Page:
“It’s mind-boggling to me that more places don’t have this kind of service available,” she says. “Only 31 states have P.A.C.E. organizations—that stands for Program of All-Inclusive Care for the Elderly. As Baby Boomers are aging, our senior population is growing. When people find out something like this is available, they want it.”

One of the most desired services that SCPP offers is the transportation available to participants. In safe and comfortable vehicles, SCPP provides medically necessary transportation to the P.A.C.E. centers for activities or medical appointments. Vehicles are equipped with wheelchair and walker lifts. 

In-home services are also high on participant lists for what they are seeking in care. Home care services include cleaning, meal preparation, grocery shopping, laundry, and bathing. Staff spend the time with participants to make sure they are comfortable, and their needs are met. 

“We are an extension of people’s families here,” Berglin says. “So many families these days live long distance, so having their loved ones cared for in their homes gives them peace of mind. They appreciate us—and we appreciate them.”

For those who choose to be transported to the day health centers to spend time with others, activities include virtual music performances, cognitive games, group, and individual fitness activities such as cardio drumming, seated exercise, seated dance, pet therapy, spiritual programs, arts and crafts, adapted gardening, and much more. 

A participant works on an arts and crafts project. SCPP has participants under an umbrella of interdisciplinary care, so they need not worry about missing medical appointments. Whatever the need, SCPP has medical staff on-site, and if a participant requires a specialist, SCPP makes the connections and transports the participant to all medical appointments.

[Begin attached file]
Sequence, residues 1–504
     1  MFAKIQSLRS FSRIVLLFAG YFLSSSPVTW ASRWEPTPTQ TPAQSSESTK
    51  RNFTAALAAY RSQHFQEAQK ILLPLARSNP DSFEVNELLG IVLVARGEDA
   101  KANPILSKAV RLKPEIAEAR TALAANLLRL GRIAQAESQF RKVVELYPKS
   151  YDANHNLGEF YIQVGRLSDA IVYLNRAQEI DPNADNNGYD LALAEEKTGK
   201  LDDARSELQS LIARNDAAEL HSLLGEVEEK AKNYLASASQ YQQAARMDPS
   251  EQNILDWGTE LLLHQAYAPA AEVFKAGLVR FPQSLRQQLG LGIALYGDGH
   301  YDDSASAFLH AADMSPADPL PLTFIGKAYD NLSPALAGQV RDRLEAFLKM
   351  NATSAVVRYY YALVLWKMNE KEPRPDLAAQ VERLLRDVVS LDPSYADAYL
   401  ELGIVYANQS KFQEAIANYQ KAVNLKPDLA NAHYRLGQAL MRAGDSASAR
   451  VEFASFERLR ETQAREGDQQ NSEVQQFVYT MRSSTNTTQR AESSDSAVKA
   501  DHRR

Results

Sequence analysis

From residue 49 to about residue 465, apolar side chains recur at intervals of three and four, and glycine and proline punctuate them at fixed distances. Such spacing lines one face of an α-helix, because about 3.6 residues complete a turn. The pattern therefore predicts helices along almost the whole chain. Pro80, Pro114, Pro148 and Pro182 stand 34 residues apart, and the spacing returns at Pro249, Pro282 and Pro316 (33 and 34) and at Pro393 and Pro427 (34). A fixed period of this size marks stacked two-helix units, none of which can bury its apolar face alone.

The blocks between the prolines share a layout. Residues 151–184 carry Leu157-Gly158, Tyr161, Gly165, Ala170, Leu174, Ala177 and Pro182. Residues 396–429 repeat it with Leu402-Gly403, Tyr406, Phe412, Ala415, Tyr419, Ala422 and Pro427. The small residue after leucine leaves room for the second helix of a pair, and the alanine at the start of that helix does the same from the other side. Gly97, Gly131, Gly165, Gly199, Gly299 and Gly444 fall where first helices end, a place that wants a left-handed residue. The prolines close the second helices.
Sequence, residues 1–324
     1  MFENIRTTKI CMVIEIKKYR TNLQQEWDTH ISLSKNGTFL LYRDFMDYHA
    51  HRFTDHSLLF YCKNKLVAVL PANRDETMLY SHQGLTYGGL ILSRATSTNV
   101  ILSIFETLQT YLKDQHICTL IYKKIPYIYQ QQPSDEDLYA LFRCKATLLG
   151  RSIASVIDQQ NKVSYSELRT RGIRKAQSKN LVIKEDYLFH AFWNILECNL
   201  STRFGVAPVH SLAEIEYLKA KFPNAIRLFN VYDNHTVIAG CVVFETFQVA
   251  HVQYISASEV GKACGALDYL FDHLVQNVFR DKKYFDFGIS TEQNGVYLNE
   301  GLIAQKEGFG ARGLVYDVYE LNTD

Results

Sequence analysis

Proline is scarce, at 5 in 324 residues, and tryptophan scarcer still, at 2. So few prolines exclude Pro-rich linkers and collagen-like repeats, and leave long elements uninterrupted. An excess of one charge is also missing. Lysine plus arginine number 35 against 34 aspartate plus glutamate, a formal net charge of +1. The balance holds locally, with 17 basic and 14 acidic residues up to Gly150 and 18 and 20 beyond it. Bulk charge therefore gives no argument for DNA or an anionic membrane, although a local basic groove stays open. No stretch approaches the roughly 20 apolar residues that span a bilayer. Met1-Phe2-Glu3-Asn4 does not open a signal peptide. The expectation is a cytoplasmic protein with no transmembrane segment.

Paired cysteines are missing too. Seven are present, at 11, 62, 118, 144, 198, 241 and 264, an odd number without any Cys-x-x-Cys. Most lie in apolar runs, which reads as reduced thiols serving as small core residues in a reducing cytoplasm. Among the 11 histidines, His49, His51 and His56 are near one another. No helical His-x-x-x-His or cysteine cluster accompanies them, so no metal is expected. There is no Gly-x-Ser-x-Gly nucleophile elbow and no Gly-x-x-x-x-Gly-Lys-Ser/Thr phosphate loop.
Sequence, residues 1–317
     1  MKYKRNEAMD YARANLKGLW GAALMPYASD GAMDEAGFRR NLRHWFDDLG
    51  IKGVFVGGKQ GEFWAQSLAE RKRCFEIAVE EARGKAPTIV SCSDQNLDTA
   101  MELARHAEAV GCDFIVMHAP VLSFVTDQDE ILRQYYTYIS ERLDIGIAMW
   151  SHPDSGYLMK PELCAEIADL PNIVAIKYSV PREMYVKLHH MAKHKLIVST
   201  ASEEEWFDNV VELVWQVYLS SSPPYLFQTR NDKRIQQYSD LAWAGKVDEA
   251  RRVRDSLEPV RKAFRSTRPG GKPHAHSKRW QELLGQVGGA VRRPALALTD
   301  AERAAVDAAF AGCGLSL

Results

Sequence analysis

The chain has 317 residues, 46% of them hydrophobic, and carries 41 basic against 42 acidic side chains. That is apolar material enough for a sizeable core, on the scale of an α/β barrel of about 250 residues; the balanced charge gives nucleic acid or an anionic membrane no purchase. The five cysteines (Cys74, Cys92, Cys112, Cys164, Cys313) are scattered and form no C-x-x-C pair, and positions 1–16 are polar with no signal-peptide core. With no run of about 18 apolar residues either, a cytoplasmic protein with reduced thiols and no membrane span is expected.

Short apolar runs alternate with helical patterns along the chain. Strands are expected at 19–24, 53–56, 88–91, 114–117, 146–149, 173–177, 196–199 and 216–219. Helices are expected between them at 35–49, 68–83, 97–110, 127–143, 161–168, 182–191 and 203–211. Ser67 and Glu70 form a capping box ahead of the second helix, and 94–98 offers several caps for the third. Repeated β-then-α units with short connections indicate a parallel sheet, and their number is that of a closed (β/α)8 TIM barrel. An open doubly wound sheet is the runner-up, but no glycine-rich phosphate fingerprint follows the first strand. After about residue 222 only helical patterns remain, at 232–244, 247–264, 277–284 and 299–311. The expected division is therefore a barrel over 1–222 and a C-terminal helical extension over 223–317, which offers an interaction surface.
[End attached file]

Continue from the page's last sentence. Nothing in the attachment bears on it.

Services on-site include hearing, dentistry, vision, psychiatry, speech therapy, nursing, physical and occupational therapies, and nutritional services. A primary care provider is available by phone 24 hours a day, seven days a week. 

“I can understand first-hand how caregivers feel,” Berglin says. “Right now, my mother lives at home with me and my son, so we can take turns caring for her. But I realize someday she will need something like this. And I will be grateful for the help that Senior Care Partners provides for families like mine.”

Berglin heads out again for one of her many rounds through the SCPP building. She stops to talk with one participant, then another, then another. She chats with a nurse, pokes her head into the physician’s office to say hello, waves to an administrator. She may have given up retirement, but she has gained another family.

“I know, I said three months and those months have come and gone,” Berglin says with a smile. “But I love coming here every day and seeing these people, hearing these cheerful voices, and being a part of something so meaningful to so many.”

For more information
To learn more about Senior Care Partners P.A.C.E., visit www.seniorcarepartnersmi.org or call 269.441.9319. 
 

Read more articles by Zinta Aistars.

Zinta Aistars is the creative director of Z Word, LLC. She is the producer and host of the weekly radio show, Art Beat, on WMUK.